stated that the benefit of the tax exemption may range in the order of 
magnitude of $10 to $20 Billion on an undiscounted current dollar 
basis.
    2. Financing structure:
          a. The Port Authority believes it can finance this facility 
        with virtually 100% debt;
          b. The Port Authority will have a substantially lower hurdle 
        rate for capital employed than a private organization would 
        require;
          c. Some of the debt would be financed with tax-exempt bonds;
          d. The project's debt would be non-recourse to the State, the 
        founding municipalities and the producers.

    3. The Port Authority has substantial political advantages both 
within and outside Alaska.
    4. Income to the state and communities--The enabling ordinances 
establishing the Alaska Gasline Port Authority sets forth that income 
of the Port Authority shall be distributed as follows:
          a. 60% to State of Alaska;
          b. 30% to all Alaska municipalities on a per capita basis. 
        The goal of the Port Authority is that under normal operating 
        conditions, this would produce a minimum of $148 million to be 
        split each year among the municipalities;
          c. 10% to be retained by the Port Authority which will be 
        used for infrastructure to provide gas to non-pipeline corridor 
        communities or to lower the cost of alternate fuels for remote 
        communities.
    5. There will be more certainty of gas for in-state usage.
          a. The Port Authority will insure that a spur line will be 
        built to allow the Cook Inlet/Anchorage area, etc. access to 
        North Slope Gas.
          b. The Port Authority can use retained revenues to develop 
        LNG transport to other communities accessible by road or water.
    6. More control over price to consumer of in-state gas usage.
    For example, gas to Anchorage or Fairbanks could be in the $1.80 
per mmbtu range.
                  $3.00 Chicago price
                  -$1.20 Tariff from Canadian Border to Chicago
                  $1.80
    7. No need to give up tax revenue, royalties, etc. to subsidize the 
project.
    The port authority concept has been used for other large 
infrastructure projects in this country. These quasi-public entities 
have constructed ports, airports, roads and other infrastructure.
    Representatives of the City of Valdez and the Port Authority are 
available to meet with you and members of your committee and your 
staffs to answer questions and to go into greater detail about the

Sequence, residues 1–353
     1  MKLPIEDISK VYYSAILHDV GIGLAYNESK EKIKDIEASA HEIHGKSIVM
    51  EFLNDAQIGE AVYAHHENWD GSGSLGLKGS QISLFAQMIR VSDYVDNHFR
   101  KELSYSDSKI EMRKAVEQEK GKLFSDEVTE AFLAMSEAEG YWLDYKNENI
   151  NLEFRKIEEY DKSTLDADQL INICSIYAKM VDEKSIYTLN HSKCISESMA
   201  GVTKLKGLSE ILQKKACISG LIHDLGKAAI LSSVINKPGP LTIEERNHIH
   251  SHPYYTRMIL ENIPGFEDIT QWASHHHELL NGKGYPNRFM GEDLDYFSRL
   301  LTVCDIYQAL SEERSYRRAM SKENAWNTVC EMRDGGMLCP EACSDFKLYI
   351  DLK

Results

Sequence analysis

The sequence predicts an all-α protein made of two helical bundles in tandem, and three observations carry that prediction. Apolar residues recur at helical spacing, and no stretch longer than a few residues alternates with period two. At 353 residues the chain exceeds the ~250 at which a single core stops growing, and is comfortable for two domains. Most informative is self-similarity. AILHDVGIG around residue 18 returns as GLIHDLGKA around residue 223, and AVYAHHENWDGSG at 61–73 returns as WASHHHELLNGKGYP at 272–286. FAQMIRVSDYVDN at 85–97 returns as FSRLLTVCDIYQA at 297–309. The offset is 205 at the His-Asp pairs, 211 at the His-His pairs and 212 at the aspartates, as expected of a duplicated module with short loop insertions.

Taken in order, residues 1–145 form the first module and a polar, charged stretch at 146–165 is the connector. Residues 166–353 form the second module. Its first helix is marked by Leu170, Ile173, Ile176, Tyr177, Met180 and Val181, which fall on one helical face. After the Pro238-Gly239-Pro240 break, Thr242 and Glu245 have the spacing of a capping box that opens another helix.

financial viability of the Port Authority to move North Slope gas to 
market.
    For more information or questions please contact: David Dengel, 
City Manager City of Valdez, Alaska (907) 835-4313 
[email protected]
                                 ______
                                 
         Statement by American Iron and Steel Institute (AISI)

    AISI is a non-profit association of North American companies 
engaged in the iron and steel industry. The Institute is comprised of 
39 member companies, including integrated and electric furnace 
steelmakers, and 155 associate and affiliate members who are suppliers 
to or customers of the steel industry. For more news about steel and 
its applications, view American Iron and Steel Institute's website at 
http: //www.steel.org.
    We appreciate the opportunity to comment on supply issues 
surrounding the construction and permitting of new pipeline capacity 
from Alaska through Canada and into the lower forty-eight states. 
Natural gas is a clean and abundant energy source and raw material and 
we believe that it is in the interests of the United States, and also 
of Canada, to expedite the construction and operation of the pipeline.
    The U.S. steel industry has the capacity and expertise, and 
certainly the need, for a project of the magnitude proposed to move 
Alaska gas to markets.
 north american producers have the competence to supper steel and pipe
    The North American oil and natural gas pipeline industry has 
developed an extensive network of pipelines servicing the integrated 
energy market on this continent. The vast majority of the steel line 
pipe used in that network has been produced by North American 
manufacturers, in both the USA and Canada, who have consistently 
developed the sophisticated capability using high strength steels to